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Recent surveys have suggested that in the UK, the average age a child obtains their very first smartphone by the tender age of seven. Due to the exponential developments of smartphone technology, this means that online gambling is now available through just the click of a button on your phone.

The consequence of this is that children are exposed to app game marketing in a way that was previously impossible. So what is being done in the UK to tackle underage gambling, or encouraging the interest of getting involved in it? We decided to take a closer look. 

The issue of underage gambling 

According to a report conducted and published by the Gambling Commission:

  •  Around 12% of 11-16 year olds in the UK have followed a gambling business on a social media channel
  •  Approximately 13% of 11-16 year olds in the country have played a game involving gambling aspects
  •  Boys have double the chance of girls of being affected by gambling

New regulations

In 2018, new regulations came into force in the UK, specifically aimed at the iGaming industry. The main purpose of these enforced regulations were to tackle head on certain types of advertisements or games that could lead to underage gambling.  However, what exactly have these regulations enforced when it comes to underage gambling?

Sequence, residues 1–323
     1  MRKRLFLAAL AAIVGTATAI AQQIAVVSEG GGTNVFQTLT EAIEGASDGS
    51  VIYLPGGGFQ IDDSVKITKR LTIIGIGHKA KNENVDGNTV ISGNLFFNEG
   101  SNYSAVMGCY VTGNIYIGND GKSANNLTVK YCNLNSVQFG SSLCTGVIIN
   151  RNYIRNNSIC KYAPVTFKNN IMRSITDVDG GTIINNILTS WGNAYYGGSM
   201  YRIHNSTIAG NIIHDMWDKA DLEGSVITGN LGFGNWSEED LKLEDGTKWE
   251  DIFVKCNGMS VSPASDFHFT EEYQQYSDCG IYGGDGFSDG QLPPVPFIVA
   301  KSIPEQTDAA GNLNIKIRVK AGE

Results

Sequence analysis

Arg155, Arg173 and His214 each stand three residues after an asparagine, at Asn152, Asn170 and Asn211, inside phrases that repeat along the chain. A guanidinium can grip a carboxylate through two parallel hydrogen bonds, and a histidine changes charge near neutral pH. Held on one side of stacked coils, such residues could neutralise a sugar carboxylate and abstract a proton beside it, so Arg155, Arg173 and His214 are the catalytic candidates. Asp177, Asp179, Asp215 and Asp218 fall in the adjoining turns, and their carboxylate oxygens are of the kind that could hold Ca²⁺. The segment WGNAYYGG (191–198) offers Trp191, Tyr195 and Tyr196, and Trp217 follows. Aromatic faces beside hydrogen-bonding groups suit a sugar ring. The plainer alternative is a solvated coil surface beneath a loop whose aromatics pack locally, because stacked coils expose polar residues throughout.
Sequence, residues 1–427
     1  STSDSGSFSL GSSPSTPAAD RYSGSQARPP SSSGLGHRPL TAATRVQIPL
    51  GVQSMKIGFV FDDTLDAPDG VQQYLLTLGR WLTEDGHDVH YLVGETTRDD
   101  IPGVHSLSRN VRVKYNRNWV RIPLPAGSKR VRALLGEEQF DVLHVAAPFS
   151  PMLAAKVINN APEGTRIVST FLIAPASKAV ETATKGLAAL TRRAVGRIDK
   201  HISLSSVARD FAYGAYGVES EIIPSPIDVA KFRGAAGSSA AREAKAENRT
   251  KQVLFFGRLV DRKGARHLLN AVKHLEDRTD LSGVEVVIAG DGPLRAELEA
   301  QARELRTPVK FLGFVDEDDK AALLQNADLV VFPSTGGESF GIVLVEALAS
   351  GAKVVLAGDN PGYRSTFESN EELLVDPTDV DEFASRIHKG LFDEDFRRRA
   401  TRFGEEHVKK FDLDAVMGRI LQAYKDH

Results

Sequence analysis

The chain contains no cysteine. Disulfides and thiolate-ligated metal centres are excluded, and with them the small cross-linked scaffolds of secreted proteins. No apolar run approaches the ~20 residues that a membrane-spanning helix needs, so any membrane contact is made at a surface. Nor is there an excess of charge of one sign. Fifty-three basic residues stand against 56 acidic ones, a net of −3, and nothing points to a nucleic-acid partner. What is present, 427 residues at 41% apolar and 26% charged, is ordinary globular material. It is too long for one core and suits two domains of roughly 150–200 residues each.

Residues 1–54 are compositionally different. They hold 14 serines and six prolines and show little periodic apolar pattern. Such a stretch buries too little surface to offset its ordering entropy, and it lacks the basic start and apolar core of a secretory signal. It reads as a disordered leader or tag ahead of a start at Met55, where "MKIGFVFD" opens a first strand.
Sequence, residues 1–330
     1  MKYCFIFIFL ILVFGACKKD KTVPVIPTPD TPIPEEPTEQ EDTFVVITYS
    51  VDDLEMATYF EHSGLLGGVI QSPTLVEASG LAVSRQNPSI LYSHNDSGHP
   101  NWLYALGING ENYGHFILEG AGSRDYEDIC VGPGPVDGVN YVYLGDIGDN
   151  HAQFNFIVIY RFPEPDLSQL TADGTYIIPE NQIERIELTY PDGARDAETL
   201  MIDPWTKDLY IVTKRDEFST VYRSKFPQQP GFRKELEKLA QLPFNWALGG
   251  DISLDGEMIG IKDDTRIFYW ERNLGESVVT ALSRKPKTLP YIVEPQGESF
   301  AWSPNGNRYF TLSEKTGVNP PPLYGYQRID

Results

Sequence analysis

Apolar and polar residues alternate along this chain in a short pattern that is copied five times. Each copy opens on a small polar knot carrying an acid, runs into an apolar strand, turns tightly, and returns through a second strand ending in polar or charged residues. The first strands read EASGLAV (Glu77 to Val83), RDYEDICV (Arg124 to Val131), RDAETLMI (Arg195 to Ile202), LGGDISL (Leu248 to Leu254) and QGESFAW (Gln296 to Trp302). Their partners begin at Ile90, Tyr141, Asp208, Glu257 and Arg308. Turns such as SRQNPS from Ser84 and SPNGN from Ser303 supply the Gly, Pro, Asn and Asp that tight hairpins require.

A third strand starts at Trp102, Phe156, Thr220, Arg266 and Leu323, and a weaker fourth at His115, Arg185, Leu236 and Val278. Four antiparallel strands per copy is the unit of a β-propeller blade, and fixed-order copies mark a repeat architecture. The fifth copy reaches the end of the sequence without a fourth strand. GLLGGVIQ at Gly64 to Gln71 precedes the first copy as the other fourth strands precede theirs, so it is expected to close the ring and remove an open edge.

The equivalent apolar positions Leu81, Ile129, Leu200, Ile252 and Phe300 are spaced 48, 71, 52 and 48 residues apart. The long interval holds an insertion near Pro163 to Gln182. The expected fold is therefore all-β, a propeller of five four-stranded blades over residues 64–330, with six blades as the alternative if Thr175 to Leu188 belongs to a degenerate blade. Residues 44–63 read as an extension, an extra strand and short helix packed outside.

Banning pop culture centred games

It is now illegal for gambling providers of online casino games to create games that are thematically centered on pop culture. This is because typically, pop culture related games tend to attract a younger audience. 

“Popular games using on slots and pokies sites include Indiana Jones but modern games also show characters from gameshows like I’m a Celebrity, Ant and Dec, The Chase and even characters from Family Guy”, according to

Stricter marketing regulations

It was also not be possible for online gambling companies to market any online games or apps that have gambling components in them to those under the age of 18. 

Is the problem of underage gambling being challenged enough?

Whilst regulations put in place to tackle underage gambling online is a step in the right direction, it is arguably not enough. For example, statistics have shown that it is in fact traditional pub slots and bookers that are most used by underage gamblers as opposed to accessing online casino games. In another report by the gambling industry regulator, the Gambling Commission it was revealed that up to a staggering nine out of ten British pubs across the UK fail to adequately tackle the prevalence of underage gambling in their premises.

As a result of this data, the Commission has written to a number of pub trade associations to sort out this problem. What actually happens in the future regarding this issue remains to be seen.

The UK’s attempt to challenge underage gambling
Digital Mag

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